advanced chords, even if I don't have lessons already created for them.

Q.  I accompany a high school chorus. I'm fine when the written accompaniments sound good, but want to improve on some of the pop stuff. Is there something in your course that teaches this?

A. Having played for choirs for years, I can relate to this! Yes, I'd love to help you learn to do this and I have a lot of lessons you can learn from. I'd start you with my Solo Piano and Accompaniment course and also recommend specific lessons for pop accompaniment in my Classic Rock, Pop, and Country Songs. There are also lessons for this in Rock and Blues Basics and Flowing Water. After you sign up, send me an audio of you playing a few of these arrangements if you like and I can help you with these pieces specifically. This is a very "do-able" goal for you and it gets a lot easier once you've learned a few songs this way!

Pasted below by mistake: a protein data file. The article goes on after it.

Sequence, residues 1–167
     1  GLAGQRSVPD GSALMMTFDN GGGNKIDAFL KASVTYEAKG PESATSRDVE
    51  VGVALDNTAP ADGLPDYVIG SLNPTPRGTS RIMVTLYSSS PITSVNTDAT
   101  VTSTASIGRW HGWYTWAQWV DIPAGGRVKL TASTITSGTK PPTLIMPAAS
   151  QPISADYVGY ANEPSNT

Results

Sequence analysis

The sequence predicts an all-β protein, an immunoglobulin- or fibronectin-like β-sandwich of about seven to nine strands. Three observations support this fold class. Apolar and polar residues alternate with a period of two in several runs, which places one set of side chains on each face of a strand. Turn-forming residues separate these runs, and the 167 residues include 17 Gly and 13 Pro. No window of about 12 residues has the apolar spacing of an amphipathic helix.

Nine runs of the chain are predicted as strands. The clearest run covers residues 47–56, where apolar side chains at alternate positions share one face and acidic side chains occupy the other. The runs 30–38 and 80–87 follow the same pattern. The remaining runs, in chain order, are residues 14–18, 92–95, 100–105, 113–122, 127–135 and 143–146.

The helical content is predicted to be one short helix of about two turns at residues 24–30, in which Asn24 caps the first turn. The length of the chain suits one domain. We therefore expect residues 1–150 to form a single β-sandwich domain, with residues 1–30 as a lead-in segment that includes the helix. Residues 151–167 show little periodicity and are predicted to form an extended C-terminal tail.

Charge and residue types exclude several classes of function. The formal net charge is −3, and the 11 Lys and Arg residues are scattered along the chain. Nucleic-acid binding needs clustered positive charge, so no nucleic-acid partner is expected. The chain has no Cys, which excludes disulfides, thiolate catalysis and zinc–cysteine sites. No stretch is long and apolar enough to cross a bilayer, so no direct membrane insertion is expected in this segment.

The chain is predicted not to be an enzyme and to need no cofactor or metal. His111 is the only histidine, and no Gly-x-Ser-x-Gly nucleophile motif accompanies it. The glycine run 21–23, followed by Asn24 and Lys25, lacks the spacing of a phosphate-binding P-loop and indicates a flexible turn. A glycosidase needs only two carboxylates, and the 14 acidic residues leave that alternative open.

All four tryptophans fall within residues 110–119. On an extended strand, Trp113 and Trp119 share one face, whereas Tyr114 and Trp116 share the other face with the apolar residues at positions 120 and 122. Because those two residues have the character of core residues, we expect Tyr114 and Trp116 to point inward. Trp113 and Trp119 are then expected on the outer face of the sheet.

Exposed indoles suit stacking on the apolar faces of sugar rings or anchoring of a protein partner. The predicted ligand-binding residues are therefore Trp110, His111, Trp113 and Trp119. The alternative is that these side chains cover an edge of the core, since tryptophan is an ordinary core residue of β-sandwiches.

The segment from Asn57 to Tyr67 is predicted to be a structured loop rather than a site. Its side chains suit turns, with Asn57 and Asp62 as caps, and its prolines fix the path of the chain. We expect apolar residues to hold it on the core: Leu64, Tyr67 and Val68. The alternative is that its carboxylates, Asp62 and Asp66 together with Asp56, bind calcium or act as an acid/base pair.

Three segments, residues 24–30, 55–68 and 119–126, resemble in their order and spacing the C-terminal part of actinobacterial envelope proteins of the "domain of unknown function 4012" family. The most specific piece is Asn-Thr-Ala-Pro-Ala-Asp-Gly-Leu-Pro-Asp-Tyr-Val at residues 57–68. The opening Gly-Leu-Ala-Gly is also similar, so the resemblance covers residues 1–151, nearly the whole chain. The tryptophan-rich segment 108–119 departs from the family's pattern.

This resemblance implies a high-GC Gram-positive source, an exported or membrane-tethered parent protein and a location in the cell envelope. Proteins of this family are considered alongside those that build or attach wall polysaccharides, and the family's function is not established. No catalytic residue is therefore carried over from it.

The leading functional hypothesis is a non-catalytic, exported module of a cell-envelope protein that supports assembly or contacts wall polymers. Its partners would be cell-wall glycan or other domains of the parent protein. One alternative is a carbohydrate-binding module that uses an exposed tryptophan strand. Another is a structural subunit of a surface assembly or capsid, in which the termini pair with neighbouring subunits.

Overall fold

Anyone who has some piano/keyboard experience and wants to add an exciting dimension to their playing. I have lessons for beginners as well as players at the intermediate early/advanced levels. In addition, traditional piano teachers will find fun material with which they can enhance their teaching methods.

No, you do not have to be able to read music in order to learn improvisation. My videos feature overhead views of the keyboard so that the material can be learned visually, and by ear. However, even a rudimentary ability to read music will help the student to learn faster, and be able to more comprehensively understand the pdf files that accompany each video.

This depends, of course, on your individual level of experience and the pace in which you learn. If you are a beginning improvisor, my current offering of lessons can take up to 3-5 years to completely learn and assimilate into your playing. When you also factor in the lessons that are added on a weekly basis, you can enjoy years of fun, creatively challenging instruction. The great thing is that I welcome suggestions for new areas of study. If you email me your requests, I’ll do my best to include your interests in future lessons.